These surprising facts about credit will help you be a smarter consumer of debt and increase your FICO score
Despite what Dunkin Donuts would like you to believe, America runs on credit rather than deep-fried donuts.
Americans hold $9.1 trillion in debt they used to buy a home and $1.4 trillion to pay for education. They used $1.2 trillion in credit to move themselves around and charged more than $760 billion.
Of course, that’s a speck against the $20 trillion the U.S. government owes. Against these astounding amounts of debt, credit gets a bad name as a destroyer of financial freedom.
The fact is that credit is just a tool, whether it’s used well to build something beyond your financial means or whether it’s used to smash things up.
Understanding the truth about credit can help you use it to your advantage.
That’s why I reached out to six credit experts to get their most surprising fact about credit, good or bad. Use the list to become a better consumer of debt and get the credit you deserve.
Facts about Credit to Make You Rethink Debt
Debt-free is a popular meme in the blogging community but debt isn’t all bad. Using debt wisely can not only get you cheap access to money when you need it but can help you do a surprising number of other things.
Gary at Super Saving Tips warns readers not to underestimate how credit affects your life.
When it comes to bad credit, one of the biggest mistakes you can make is to underestimate how it may affect you and your lifestyle in many areas besides the amount of money you can borrow and the interest rate you will pay.
Mismanaging your credit will affect whether you can qualify for loans like a mortgage, car, or personal loan. Additionally, bad credit can affect your ability to gain employment, rent an apartment, or obtain life insurance.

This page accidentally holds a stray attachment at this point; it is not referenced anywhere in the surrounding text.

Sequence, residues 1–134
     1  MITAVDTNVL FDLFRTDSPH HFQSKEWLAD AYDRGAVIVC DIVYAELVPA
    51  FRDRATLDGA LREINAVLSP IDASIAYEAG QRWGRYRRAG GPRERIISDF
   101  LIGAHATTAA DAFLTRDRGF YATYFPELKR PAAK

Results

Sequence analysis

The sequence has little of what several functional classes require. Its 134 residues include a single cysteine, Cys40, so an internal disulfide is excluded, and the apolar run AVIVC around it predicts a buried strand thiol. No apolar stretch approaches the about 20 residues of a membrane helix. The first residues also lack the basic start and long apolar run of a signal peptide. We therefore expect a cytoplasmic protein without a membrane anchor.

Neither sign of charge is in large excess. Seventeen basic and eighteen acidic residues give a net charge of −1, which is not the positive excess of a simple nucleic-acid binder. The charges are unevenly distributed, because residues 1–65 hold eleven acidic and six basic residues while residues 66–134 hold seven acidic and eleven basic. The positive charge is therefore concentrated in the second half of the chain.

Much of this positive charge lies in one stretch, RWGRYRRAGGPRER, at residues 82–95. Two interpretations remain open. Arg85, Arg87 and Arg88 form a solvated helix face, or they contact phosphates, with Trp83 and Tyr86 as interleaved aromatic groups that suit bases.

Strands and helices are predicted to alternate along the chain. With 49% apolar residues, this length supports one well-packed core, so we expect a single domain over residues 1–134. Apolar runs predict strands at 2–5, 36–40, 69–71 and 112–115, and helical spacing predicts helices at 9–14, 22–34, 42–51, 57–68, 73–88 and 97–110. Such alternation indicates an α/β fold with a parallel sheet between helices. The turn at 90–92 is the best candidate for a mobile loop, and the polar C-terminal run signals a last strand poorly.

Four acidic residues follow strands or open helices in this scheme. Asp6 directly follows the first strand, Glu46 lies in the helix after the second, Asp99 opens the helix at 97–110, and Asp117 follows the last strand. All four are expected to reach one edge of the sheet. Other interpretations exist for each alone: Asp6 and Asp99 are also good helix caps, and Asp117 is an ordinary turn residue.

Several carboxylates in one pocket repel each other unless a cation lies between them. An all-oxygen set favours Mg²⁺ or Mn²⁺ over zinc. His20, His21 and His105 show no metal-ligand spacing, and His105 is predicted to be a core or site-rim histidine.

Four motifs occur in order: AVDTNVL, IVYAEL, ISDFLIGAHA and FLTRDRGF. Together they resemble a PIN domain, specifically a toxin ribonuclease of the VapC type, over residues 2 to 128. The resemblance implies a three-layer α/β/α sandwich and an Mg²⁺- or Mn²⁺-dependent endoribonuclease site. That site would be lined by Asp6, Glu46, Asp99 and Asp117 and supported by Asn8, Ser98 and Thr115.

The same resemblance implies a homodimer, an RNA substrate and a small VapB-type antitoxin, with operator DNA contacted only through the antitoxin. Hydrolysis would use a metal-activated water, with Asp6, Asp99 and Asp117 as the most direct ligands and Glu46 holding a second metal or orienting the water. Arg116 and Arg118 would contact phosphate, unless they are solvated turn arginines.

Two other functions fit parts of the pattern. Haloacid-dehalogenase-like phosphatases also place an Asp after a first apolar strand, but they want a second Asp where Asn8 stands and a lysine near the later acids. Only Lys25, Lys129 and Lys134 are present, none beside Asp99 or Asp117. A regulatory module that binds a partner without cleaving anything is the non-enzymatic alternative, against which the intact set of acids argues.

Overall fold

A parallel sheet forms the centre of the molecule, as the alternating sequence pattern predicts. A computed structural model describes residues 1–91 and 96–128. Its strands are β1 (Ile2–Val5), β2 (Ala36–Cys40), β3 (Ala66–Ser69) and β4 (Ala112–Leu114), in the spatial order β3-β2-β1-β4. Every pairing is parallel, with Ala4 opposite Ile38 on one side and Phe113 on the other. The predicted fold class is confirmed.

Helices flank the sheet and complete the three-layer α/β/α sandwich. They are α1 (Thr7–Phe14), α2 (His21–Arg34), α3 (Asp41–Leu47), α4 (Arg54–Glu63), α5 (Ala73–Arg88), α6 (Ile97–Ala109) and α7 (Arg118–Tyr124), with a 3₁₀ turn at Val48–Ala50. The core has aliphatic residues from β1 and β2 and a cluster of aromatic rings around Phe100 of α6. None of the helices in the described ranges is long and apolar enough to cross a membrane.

Overall, it can hurt your lifestyle in ways that you just aren't prepared to deal with and can all be avoided if you don't misuse your credit.
Yes, bad credit can keep you from putting a roof over your head whether it’s to buy or rent. Insurance companies can also use your credit score to increase your premiums. A survey of drivers found that those with bad credit paid 91% more in premiums because of credit-based insurance scoring.
Ian of Fit Small Business shares some surprising facts about bankruptcy and credit.
Bankruptcy can actually improve your credit score. Data from the New York Federal Reserve on bankruptcy filers showed people saw their FICO score fall an average of 100 points leading up to bankruptcy as their financial lives deteriorated.
After wiping out much of their debt or renegotiating it in bankruptcy, credit scores actually increased.
Credit Score Facts about Bankruptcy
Editor’s note: Before you rush out to file bankruptcy to improve your credit score, take another look at the chart. After an initial bump in their credit score, it was a long road ahead for bankruptcy filers. Chapter 7 bankruptcy stays on your credit report for 10 years while Chapter 13, where you negotiate to pay your debts instead of clearing them in bankruptcy, stays on your report for seven years.
Even 10 years after bankruptcy, filers had an average score of just 640 on the FICO scale. That’s only marginally above the 620 score designated as sub-prime credit and rates are still going to be very high.
Thin credit can be almost as bad as bad credit. Not establishing a credit history means lenders have no way of judging your creditworthiness, since credit decisions are all about lender risk, no information is as risky as bad information.
Understanding the Credit Score Game